In October of 2009, I was going for a run in Sherman Oaks where I live in L.A. I am always in search of things that inspire me and I was doing a ton of work for the studios and was totally drained and my mind said, Youve got to find something that really inspires you, that is really what you want to do.
I decided to give myself a year, he continued, I decided by that next October (2010), I would commit myself to a personal project. To me this series just seemed like the next logical step topic because I know so many folks who are oystermen Dave Nisbet, Phil Olsen who I grew up with duck hunting together. It just fell into place.
Local voices and families
Because Cox knows the area and the oystering families, making connections wasnt as hard as it might have been for an outsider to the community. But even so, Jim Neva, Ilwaco harbor manager, said, We wondered initially if this would just be another one of those oyster tours.
In fact, it turned out to be much more than that. As Cox said, The series was inspired by the idea of doing a project that would give back to the communities I grew up in, by preserving the stories as history, in this case, of the oyster growers of Willapa Bay.
We hear the stories of a group of families who have been working and living on the bay for generations. Included are Brian and Dick Sheldon; Kathleen and David Nisbet; Steve and Andi Shotwell; Don Gillies; Pete Heckes; Phil Stamp; Austin Docter; Scott Madsen; Phil Olsen; John, Roy and Annie Herrold; Brian and Jim Kemmer; Eric and Nick Jambor; Jimmy Moreno; Hector Meliton; Leonard Bennett; Ken Weigardt; Dennis Tufts; Dan Driscoll; Dick Wilson; and Tim Morris.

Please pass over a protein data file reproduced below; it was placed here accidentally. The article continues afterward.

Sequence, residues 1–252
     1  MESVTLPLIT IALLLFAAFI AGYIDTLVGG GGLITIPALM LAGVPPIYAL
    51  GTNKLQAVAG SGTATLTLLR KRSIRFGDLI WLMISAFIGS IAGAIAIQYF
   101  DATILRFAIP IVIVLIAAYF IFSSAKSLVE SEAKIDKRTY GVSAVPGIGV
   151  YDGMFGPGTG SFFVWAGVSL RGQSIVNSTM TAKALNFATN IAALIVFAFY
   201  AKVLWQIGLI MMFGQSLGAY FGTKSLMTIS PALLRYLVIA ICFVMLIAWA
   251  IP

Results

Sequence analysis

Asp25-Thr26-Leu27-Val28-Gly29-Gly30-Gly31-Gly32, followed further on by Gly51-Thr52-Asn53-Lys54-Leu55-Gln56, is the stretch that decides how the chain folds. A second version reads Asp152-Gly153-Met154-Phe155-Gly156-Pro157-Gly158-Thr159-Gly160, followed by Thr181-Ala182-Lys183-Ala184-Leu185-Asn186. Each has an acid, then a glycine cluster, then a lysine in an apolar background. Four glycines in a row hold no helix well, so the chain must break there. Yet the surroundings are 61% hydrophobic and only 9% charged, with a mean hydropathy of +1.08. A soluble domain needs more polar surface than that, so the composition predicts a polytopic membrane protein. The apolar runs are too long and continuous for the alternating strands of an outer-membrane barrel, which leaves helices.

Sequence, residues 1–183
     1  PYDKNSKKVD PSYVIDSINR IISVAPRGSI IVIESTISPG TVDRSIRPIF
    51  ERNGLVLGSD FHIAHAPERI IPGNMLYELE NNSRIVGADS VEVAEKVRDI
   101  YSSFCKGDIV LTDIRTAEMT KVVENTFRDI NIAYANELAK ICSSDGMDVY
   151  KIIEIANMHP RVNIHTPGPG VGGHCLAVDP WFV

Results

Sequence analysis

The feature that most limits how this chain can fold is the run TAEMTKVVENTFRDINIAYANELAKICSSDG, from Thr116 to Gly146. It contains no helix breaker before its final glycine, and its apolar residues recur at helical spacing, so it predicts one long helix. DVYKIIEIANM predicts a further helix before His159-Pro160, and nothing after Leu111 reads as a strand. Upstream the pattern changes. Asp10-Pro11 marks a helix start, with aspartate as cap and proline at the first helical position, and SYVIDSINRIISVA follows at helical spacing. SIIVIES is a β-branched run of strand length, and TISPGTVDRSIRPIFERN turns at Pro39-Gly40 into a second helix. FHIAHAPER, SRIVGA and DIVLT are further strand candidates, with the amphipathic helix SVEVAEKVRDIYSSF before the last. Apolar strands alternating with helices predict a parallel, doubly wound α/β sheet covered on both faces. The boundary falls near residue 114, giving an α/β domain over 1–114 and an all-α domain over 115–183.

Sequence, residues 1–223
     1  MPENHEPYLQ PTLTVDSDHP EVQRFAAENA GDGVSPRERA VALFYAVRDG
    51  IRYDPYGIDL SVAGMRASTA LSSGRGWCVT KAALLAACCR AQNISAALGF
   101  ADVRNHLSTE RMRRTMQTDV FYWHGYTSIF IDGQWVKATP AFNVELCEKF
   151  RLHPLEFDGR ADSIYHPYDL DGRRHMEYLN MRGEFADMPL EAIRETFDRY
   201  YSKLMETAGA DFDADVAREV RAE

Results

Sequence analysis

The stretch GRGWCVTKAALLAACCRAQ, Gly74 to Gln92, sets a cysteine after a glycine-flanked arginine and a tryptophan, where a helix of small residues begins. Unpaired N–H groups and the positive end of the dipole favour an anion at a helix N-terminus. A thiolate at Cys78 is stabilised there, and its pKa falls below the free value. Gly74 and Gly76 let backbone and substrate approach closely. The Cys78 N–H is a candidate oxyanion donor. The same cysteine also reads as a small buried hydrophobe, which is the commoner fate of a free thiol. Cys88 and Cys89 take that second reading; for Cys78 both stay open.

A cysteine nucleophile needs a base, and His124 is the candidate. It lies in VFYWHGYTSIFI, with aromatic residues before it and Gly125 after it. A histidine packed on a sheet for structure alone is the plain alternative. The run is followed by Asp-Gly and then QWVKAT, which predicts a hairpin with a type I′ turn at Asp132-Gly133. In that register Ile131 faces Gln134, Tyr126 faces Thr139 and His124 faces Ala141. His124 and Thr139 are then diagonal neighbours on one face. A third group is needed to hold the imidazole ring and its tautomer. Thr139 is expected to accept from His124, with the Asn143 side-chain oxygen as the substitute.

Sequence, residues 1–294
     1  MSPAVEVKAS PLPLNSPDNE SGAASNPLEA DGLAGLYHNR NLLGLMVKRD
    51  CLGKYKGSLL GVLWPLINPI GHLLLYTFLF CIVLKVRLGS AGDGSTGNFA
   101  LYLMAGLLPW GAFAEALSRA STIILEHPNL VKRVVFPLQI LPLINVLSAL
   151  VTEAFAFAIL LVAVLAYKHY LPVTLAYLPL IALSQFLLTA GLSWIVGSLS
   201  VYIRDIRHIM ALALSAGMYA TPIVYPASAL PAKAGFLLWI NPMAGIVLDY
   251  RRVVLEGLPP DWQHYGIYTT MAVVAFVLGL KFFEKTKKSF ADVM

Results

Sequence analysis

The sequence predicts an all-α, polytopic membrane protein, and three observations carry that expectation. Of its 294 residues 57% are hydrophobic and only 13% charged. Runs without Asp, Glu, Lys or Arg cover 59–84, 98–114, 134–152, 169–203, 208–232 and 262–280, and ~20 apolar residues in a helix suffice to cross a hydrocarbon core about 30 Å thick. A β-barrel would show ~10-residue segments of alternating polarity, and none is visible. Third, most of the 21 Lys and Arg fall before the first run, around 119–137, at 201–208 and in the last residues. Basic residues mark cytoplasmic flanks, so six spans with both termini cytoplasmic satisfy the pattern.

Cox is financing this project with his own funds so he has been working for the most part as a one-man crew. Since its a self -financed project for the most part, I cant afford a crew, so I am doing everything from writing the scripts, doing the interviews while shooting all the footage, coordinating everyones schedules which are all driven by the tides.
Im even doing all the post production work. Shooting for hours and hours on boats out on the water, many times in weather that is sunny one second, then raining the next, as well as trudging through the mud. But through it all Ive strived to capture images that make you feel like you are in the action, said Cox.
Video available online or locally
The video documentary Willapa Bay Oysters is available for free viewing at www.WillapaBayDocs.com, but if youd like to own a copy of it or the upcoming episodes, they are available in a seven-disc collection. The complete series is $50 and can be purchased in the form of a subscription.
Videos are also available at South Bend Pharmacy or Pacific Art & Office Supply in Ilwaco. You can also contact Keith Cox directly at keith@WillapaBayDocs.com
Cox has turned his filmmakers eye on to the beauty of Willapa Bay. The fact that he grew up with this landscape as his boyhood backdrop shows in the sensuousness and sensitivity of the film.